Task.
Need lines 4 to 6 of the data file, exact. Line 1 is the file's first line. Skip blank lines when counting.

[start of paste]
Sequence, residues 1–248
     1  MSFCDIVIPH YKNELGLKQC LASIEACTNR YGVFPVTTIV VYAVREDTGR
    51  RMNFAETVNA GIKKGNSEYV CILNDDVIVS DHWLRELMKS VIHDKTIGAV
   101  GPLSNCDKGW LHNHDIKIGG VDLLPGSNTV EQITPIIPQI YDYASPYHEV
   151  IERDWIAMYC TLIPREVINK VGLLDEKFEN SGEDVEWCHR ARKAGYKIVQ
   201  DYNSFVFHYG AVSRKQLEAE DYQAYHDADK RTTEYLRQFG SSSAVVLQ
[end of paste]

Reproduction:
   101  GPLSNCDKGW LHNHDIKIGG VDLLPGSNTV EQITPIIPQI YDYASPYHEV
   151  IERDWIAMYC TLIPREVINK VGLLDEKFEN SGEDVEWCHR ARKAGYKIVQ
   201  DYNSFVFHYG AVSRKQLEAE DYQAYHDADK RTTEYLRQFG SSSAVVLQ